Beginner climber FAQs

Posted by Jane Thompson on 09/05/2018
Climb when ready. Photo: shutterstock

Don’t know where to begin or what to wear? Worried your biceps aren't big enough? Let us clear some common beginner fears and questions out of your way in this article from our new special edition magazine: Get into Climbing.

Can anyone climb?

Yes. All climbing routes, whether hand-crafted indoors or natural lines on real rock, are logged and graded by difficulty so you can choose one to suit your level. This system allows you to gradually progress which can prove addictive. Why not make your first climbing move and find out if you’ll get hooked?

Most indoor climbing walls offer various beginner classes for little ones from around age five, to parents and other adults. Keep climbing and, like many, you could still be cranking well in to your 70s and 80s. People of all ages, genders, backgrounds and abilities can enjoy climbing their way to a calmer mind and stronger body while meeting like-minded friends.

Many people with physical, learning and sensory disabilities learn to climb successfully both indoors and out. Discover more about how people with disabilities can go climbing in the BMC Climbing For All booklet.  The BMC Paraclimbing Series gains popularity year on year, and Britain's Fran Brown is a great inspiration as the current Paraclimbing World Champion in lead climbing.
 

I’ve never climbed before, where do I start?

There are six ways to try climbing:

  • Take classes at an indoor climbing wall
  • Join a climbing club
  • Take a course at an outdoor centre
  • Hire an outdoor instructor or Mountain Guide
  • Hire a climbing coach
  • Ask a friend who already climbs to teach you the ropes.
     

Will I need any specialist equipment to start out?

To try climbing at an indoor climbing wall, all you need are tight-fitting trainers or climbing shoes and comfy, unrestrictive clothes. All other equipment can usually be hired when you get there. As you progress you’ll probably want your own climbing shoes, harness, chalk bag, belay device and karabiner. Get advice from an expert before buying.
 

Will I get fit?

Climbing uses lots of muscle groups, both in the upper and lower body. Your back, abdominal and leg muscles all get exercised as well as your fingers, shoulders and arms. Regular climbing can improve stamina and endurance as well as muscle strength. In addition, all the reaching and stretching for holds improves flexibility and agility.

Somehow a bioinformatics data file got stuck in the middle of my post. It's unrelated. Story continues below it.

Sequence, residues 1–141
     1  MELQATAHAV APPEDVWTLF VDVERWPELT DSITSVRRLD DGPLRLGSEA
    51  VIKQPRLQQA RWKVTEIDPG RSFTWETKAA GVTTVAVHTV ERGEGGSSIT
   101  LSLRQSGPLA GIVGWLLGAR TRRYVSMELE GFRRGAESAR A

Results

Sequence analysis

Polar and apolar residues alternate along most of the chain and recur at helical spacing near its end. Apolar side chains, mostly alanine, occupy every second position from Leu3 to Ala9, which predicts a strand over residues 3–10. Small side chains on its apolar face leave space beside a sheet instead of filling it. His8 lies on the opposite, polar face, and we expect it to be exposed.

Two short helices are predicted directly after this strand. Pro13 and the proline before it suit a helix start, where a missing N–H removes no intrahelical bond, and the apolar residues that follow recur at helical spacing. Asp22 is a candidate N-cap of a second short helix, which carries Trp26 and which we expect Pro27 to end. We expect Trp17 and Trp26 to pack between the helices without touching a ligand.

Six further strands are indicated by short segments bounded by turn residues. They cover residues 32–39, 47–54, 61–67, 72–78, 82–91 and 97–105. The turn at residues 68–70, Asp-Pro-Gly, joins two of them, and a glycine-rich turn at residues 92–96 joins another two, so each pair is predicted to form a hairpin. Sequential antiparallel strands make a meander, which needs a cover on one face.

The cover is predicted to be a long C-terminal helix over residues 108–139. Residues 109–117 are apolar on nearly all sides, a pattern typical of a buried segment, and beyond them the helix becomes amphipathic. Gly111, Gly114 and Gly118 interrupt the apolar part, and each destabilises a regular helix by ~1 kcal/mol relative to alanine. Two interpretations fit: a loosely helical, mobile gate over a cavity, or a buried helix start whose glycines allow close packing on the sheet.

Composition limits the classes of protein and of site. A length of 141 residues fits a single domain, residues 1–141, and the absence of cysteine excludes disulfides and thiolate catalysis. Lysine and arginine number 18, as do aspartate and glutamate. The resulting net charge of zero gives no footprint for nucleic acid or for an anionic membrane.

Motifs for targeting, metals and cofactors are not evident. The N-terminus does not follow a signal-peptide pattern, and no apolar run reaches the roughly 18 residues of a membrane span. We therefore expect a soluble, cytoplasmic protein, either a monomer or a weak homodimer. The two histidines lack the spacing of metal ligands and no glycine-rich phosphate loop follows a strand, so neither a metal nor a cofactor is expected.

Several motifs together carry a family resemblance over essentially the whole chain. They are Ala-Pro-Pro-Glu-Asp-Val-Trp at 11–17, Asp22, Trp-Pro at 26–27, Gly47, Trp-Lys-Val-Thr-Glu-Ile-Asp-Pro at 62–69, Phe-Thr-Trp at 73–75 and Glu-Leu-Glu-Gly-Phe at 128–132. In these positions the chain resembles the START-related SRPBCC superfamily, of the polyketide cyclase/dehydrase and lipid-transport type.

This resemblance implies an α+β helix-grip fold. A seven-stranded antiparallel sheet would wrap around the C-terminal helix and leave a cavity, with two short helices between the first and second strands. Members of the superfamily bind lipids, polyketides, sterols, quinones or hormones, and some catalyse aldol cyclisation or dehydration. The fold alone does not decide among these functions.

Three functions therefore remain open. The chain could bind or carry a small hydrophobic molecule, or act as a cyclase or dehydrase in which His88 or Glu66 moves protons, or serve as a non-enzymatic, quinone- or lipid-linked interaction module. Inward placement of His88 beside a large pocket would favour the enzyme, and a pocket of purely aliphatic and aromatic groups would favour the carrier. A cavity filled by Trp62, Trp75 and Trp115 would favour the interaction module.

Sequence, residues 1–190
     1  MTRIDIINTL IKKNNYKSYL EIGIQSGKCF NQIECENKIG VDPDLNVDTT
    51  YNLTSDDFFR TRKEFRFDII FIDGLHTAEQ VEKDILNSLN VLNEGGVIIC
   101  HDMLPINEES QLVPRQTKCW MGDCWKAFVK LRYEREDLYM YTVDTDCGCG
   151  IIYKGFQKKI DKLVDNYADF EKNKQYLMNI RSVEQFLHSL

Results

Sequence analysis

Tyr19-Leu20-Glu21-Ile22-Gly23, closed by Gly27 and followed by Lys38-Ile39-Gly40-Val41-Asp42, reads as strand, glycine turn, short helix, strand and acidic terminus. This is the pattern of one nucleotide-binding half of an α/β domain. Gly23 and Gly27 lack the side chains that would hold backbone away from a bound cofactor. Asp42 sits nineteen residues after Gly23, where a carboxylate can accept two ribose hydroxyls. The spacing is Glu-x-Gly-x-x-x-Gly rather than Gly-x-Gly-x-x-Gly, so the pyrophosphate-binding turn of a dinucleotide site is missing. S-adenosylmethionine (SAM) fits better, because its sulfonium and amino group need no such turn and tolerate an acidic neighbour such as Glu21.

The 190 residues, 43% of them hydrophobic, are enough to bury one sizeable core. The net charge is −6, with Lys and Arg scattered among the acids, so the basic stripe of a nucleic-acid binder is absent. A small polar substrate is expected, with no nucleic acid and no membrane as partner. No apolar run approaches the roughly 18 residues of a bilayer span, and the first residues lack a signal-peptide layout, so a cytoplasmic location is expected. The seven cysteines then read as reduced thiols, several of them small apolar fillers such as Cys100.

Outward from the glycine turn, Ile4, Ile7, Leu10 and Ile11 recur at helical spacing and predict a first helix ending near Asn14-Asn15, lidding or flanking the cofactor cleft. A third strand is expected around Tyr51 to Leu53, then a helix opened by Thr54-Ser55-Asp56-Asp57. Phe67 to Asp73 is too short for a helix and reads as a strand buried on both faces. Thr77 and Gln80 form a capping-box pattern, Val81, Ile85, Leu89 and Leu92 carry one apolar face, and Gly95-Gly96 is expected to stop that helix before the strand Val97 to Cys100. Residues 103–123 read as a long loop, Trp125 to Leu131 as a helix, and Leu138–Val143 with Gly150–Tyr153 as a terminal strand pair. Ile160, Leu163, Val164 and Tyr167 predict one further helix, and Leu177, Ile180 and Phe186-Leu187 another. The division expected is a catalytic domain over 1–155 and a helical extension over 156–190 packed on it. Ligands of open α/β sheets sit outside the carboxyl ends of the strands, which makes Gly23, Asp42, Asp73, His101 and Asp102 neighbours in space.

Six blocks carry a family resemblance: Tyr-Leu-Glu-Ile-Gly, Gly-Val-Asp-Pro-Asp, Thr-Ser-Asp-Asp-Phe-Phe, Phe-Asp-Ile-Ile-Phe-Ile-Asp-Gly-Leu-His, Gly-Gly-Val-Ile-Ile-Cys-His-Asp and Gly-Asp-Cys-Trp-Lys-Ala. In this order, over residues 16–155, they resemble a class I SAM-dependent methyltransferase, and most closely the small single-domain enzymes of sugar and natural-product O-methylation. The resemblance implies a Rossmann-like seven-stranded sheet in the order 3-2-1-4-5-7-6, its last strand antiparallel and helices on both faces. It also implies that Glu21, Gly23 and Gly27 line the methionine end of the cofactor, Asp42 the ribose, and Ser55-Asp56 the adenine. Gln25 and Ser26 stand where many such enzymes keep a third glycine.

What if I’m scared of heights?

It’s natural to be scared of heights – instinct tells us that falling from a high place will hurt. Respecting that fear keeps you alive. Reviewing all the precautions prior to climbing is a good way to reassure a nervous climber – for example, checking their knot is tied correctly. Remember that you don’t have to climb to the top of a route every time; you can always ask your belayer to lower you back down. Next time you might be more confident and get to the top.
 

Don’t you need to be really strong to climb?

This is one of the most common misconceptions about climbing. Good technique is actually far more important than physical strength, although the more you climb the stronger and fitter you will become. Good footwork, body positioning and problem solving (or ‘reading the route’) will get you up many more climbs than just brute strength. You’ll also learn it’s more efficient to use the stronger muscles in your legs to push you up instead of relying on the weaker arm muscles.
 

Isn’t climbing really dangerous?

Climbing can be as safe or risky as you like. There are different styles and levels – it’s all about choice and experience. For example, you are very unlikely to get injured climbing on a top-rope or bottom-rope (when the rope runs through an anchor above you and is controlled by someone on the ground). Did you know: for an equivalent number of hours participating at school, a child is more likely to be injured while playing cricket (10 times more likely), playing football (32 times more likely) or playing rugby (72 times more likely) than while rock climbing (source: Royal Society for the Prevention of Accidents, see p9).

It’s important to remember that, as with any form of new exercise, if you have any doubt you should always speak with your doctor.
 

Get into Climbing: special edition magazine for new climbers

This article is an extract from Get into Climbing, our special edition magazine for beginners. The magazine contains 100 pages (over 30 articles) of essential information and expert advice on how to start climbing. Buy your copy from the BMC shop for just £5 (£3 for BMC members).

 



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